My hammock and I head south to Port Salut at day break. I confirmed today that I won’t have any more meetings this week, so that frees me up to explore new ground. It rained earlier this evening for the first time since I arrived. I hope the roads are fine. It was dark when it rained, so there was no rainbow to look for.
Today I met the staff of an amazing organization called HELP. They provide scholarships to the best students from all around Haiti, but only to those that have a clear financial need. This program actually helps even the playing field a bit as far as their chances for academic success. The students begin with a three-week orientation where some of the students get weeded out of the program. HELP provides housing to the students, so they all have each other to bond with and study with. They are also supplied with books (which they have to give back to HELP after that specific class is done.
What makes this program great is the extra training they receive. In Haiti, there is no such thing as a liberal arts degree or even electives. It is a five year vocational type degree. So HELP teaches classes in technology, leadership, and entrepreneurship that the students have to take in addition to their actual university courses. In addition to all this, the students have to do volunteer work in the community. Once they graduate, they have to pay back 15% of their income to HELP for nine years. I was told that the 15% is almost always going to be far less than the amount of assistance they receive over the five years of school. Some students take part in a summer study abroad program at either Cornell or Dartmouth.
This is exactly the type of assistance Haiti needs. So many students have no way of affording university even if they would receive a free tuition. Also, it teaches the students how to be leaders in their field as well as giving back to the community. For students that might work in the medical field, their clinic or hospital may not be well equipped. This program can help them learn how to network with other organizations to get those resources. In this way, the program provides skills that can be transferable to any job. Also, it can help provide a networking base for students that arrive from out of town who don’t have the right family connections in Port au Prince to get a job.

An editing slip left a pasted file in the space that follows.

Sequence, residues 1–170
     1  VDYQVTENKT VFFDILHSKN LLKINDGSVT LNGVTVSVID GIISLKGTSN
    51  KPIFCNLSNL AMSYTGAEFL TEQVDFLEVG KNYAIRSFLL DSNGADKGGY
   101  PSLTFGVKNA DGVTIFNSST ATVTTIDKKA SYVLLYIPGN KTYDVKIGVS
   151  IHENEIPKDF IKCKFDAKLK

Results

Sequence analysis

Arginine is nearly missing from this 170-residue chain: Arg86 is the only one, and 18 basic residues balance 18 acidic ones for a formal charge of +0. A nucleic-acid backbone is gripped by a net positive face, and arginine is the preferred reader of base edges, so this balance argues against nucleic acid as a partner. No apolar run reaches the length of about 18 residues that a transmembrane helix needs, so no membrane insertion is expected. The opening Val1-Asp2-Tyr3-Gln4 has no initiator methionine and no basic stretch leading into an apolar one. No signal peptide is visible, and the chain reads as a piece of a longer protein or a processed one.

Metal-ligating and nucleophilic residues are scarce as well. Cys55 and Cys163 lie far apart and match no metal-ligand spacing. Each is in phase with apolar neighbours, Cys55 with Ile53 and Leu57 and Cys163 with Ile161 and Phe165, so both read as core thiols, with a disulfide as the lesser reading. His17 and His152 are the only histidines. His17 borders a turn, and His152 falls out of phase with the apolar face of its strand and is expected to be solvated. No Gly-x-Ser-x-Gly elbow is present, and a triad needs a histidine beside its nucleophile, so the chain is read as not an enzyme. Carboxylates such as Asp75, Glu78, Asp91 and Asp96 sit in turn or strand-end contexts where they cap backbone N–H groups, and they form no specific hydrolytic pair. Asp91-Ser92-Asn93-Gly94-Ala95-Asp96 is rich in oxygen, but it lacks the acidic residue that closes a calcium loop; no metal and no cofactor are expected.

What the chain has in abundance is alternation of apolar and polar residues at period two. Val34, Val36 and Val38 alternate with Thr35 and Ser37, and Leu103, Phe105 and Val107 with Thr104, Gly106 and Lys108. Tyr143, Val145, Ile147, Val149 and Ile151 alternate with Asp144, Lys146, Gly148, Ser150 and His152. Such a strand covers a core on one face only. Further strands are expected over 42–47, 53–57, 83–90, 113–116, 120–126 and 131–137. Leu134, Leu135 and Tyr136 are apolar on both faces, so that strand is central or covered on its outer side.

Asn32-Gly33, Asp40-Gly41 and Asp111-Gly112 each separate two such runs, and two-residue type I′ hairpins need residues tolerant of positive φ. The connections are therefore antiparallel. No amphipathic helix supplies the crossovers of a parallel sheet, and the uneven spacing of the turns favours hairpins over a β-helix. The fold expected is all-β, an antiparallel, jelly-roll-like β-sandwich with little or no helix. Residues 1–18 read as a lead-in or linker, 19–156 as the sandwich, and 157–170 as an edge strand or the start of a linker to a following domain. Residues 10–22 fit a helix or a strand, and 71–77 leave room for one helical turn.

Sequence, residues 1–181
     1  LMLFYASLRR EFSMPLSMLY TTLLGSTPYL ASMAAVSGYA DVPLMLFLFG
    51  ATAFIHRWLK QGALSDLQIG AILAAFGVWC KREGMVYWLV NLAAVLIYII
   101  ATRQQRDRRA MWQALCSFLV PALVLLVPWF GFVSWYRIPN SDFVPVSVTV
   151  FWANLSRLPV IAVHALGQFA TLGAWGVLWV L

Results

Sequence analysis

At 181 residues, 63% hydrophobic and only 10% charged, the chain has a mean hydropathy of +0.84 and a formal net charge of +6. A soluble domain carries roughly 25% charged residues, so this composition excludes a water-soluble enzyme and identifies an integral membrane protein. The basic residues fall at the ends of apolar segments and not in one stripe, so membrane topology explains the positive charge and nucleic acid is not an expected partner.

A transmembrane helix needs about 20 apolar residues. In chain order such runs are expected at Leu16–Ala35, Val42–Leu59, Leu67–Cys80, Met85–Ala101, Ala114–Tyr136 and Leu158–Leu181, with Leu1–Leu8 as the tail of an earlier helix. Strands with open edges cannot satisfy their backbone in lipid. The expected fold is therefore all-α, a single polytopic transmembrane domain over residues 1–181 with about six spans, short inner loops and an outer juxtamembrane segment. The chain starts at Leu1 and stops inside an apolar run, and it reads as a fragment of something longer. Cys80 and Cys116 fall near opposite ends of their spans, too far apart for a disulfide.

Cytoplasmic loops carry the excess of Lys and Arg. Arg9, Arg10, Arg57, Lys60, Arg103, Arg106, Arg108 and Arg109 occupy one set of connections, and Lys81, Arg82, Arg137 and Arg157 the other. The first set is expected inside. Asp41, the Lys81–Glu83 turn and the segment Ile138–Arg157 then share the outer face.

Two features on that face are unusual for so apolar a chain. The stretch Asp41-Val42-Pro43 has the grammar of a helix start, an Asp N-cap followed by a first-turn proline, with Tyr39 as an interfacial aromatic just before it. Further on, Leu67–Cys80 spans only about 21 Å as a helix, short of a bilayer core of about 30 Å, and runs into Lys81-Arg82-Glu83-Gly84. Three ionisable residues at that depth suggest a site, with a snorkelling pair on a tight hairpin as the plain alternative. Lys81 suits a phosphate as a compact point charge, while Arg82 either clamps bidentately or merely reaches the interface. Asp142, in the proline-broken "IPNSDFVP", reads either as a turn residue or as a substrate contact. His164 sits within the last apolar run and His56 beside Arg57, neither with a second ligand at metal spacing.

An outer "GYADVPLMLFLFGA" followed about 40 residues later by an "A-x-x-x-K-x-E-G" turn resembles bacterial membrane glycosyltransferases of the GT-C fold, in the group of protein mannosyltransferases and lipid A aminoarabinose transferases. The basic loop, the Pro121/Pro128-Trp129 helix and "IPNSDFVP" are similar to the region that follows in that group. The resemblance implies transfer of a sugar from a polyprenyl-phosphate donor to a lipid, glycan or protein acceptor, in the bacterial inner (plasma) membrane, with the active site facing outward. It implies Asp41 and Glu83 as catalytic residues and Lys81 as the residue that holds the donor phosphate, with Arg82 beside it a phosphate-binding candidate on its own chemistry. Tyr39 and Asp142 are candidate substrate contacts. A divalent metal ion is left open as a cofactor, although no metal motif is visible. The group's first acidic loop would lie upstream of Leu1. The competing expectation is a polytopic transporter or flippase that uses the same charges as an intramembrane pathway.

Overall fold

Today I also drove around a bit more downtown and saw some of the old French architecture. Fantastic buildings with tall shuttered windows and gabled peaked towers on the corners. The massive pillars over the porches broken in half dangling from the third floor, it’s a wonder it can hang like that. All over town, grand buildings remain from the earthquake with rubble littering their decorative ledges and window sills. This is a permanent look of the downtown area. But as with every other square foot of Port au Prince, the sidewalks are lined with makeshift markets and shacks. In the industrial parts of town, tall concrete walls protect the warehouses and the markets and tent homes fill the six to eight feet between the walls and the traffic.